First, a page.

A Knock Out

2004
Distributed by Women Make Movies, 462 Broadway, New York, NY 10013; 212-925-0606
Produced by Valerie Schuit for Viewpoint Productions
Directed by Tessa Boerman & Samuel Reiziger
VHS, color, 53 min.
Jr. High - Adult
Gay and Lesbian Studies, Gender Studies, Multicultural Studies, Sports, Women's Studies


Reviewed by Patricia B. McGee, Coordinator of Media Services, Volpe Library & Media Center, Tennessee Technological University

Highly Recommended  Highly Recommended   
 
Date Entered: 3/2/2006

Michele Aboro, a mixed race lesbian from the tough streets of South London, is the subject of this fascinating examination of the world of women’s boxing. As a teenager she took up kickboxing as a way to channel her anger and to stay out of trouble. Her impressive record of five British, one European and three world championships brought her to the attention of the Vos Gym Association in the Netherlands. Under their tutelage she earned a 42-1-1 record and, with no competition left, she switched to boxing. Under contract with Universum Box Promotions and ZDF Television, she complied an impressive 21-0 record to win and subsequently defend the Women’s International Boxing Federation’s super bantamweight championship.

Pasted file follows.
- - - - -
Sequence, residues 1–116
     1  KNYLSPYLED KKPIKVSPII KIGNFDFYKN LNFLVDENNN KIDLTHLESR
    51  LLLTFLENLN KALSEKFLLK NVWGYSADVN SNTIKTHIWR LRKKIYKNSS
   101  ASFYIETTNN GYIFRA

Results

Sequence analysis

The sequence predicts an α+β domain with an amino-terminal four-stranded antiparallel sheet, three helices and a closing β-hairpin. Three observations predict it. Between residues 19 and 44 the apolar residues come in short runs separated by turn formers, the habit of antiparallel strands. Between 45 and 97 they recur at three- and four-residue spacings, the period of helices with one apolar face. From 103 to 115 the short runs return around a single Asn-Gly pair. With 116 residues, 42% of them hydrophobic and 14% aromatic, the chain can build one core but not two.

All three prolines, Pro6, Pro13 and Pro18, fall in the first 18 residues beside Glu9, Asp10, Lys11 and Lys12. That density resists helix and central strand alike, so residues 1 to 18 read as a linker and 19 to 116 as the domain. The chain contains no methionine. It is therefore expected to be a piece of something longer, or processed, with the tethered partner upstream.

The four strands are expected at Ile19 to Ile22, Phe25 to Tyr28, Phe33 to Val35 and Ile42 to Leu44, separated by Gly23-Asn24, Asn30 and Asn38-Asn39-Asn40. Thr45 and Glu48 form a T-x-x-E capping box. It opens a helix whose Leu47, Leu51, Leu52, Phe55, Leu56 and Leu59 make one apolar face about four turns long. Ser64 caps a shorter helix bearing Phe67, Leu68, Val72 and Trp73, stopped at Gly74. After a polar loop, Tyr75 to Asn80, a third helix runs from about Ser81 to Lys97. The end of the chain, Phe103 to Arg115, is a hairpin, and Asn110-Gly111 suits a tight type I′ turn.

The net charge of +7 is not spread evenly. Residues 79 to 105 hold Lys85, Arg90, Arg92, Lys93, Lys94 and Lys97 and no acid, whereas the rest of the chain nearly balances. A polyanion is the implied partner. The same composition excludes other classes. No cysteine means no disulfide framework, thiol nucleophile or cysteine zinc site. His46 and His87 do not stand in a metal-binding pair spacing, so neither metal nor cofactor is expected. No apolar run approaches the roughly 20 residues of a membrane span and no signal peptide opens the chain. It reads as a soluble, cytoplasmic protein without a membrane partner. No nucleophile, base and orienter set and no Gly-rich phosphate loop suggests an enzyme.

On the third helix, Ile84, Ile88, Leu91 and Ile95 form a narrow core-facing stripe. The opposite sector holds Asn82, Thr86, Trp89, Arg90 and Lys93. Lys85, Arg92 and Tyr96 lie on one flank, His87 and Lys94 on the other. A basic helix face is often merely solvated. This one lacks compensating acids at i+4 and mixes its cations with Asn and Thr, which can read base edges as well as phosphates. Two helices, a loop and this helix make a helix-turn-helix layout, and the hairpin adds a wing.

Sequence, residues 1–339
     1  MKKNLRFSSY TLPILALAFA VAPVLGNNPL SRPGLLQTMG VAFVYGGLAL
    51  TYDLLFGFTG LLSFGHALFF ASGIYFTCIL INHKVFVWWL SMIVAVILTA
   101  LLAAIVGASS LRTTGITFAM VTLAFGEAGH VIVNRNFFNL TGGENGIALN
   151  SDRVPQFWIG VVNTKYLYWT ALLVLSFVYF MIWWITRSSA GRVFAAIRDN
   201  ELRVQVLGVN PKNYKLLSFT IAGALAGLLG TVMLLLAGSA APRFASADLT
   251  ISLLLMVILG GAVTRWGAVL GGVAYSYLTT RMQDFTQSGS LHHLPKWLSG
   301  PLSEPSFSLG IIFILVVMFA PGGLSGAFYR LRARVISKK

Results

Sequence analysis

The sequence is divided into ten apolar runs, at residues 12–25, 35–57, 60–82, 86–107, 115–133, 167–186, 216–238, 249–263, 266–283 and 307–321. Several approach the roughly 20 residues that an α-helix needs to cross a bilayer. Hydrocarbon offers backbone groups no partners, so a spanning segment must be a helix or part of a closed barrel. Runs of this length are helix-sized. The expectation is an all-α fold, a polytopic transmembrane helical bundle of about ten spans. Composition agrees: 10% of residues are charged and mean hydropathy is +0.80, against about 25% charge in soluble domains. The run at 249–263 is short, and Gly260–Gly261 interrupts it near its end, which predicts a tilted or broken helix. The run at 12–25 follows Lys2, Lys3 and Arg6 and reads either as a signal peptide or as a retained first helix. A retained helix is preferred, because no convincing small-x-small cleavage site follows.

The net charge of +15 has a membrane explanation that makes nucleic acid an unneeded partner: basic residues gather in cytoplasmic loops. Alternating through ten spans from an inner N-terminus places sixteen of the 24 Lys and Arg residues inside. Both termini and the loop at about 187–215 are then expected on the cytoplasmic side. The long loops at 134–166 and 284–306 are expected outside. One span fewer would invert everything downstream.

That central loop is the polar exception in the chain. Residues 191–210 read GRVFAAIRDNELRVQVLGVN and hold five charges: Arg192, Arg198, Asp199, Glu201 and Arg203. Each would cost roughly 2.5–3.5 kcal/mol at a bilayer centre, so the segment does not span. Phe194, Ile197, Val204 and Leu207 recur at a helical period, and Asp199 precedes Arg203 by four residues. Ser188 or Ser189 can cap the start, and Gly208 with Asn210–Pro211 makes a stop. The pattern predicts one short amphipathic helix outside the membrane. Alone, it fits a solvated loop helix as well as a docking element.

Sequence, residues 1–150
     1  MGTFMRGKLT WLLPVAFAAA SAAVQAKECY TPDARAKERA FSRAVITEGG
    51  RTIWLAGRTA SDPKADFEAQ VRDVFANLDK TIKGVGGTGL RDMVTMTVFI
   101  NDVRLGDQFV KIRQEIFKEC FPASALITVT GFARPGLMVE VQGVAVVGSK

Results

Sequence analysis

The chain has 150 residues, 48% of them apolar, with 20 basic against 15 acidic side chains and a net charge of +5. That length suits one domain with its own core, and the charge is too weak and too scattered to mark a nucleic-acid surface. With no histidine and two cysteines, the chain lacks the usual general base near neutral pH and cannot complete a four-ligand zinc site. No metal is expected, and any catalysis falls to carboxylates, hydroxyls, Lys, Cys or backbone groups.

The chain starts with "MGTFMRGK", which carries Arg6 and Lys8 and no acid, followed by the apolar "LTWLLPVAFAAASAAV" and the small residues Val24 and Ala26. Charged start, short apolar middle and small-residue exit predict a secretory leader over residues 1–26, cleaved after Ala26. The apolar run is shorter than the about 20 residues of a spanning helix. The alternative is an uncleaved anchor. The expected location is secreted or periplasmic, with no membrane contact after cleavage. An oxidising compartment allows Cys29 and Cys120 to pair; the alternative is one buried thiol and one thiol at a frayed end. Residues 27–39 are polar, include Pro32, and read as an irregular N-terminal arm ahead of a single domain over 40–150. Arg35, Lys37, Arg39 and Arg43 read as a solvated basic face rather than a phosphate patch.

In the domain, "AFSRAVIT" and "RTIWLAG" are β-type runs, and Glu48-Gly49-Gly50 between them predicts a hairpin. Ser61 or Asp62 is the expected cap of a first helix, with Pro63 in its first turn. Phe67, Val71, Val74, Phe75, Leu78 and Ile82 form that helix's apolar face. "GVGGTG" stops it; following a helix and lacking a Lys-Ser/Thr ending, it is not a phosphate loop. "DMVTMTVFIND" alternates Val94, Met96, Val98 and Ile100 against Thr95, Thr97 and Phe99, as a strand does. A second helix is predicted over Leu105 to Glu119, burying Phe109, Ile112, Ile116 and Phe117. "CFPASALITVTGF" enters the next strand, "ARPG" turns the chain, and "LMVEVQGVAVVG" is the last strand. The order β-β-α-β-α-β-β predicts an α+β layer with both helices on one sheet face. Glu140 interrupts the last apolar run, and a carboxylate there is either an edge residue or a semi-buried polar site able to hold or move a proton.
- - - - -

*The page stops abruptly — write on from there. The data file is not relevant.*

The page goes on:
In 2001 after defending her title against Nadia Debras, Aboro’s career came to a crashing halt. She ran out of opponents, and her promoters dumped her like a hot rock, saying she was unmarketable. Unfortunately key elements in marketing women’s sport are sex and glamour. While Aboro was willing to go along with blond hair, blue eye shadow, and pink lipstick, color tones that are far more suited to Caucasian women, she drew the line at nudity and softcore porn. She refused “to be naked,” to provide “titillation for middle-aged men,” and insist that she can’t hide that she’s gay any more than that she’s black. As she flatly declared, “I never stopped my career; promoters, managers stopped my career.”

A Knock Out weaves together a compelling mix of news footage, highlights of boxing matches, along with interviews with this articulate and extraordinarily gifted athlete, her family, friends, as well as her fellow boxers, and the movers and shakers within the European boxing world. The double meaning of the title captures perfectly the message of this film¬- while physical ability wins matches, it’s the woman who is a ‘knock out,’ who weighs in before a match wearing a bra and thong, and who poses for fashion shots who gets the sweet, lucrative deals. It wasn’t enough for Aboro to be one of the best, if not the best woman boxer; her peers acknowledge her extraordinary skill and athleticism in the ring. In the end what mattered was not sport but marketing and promotion.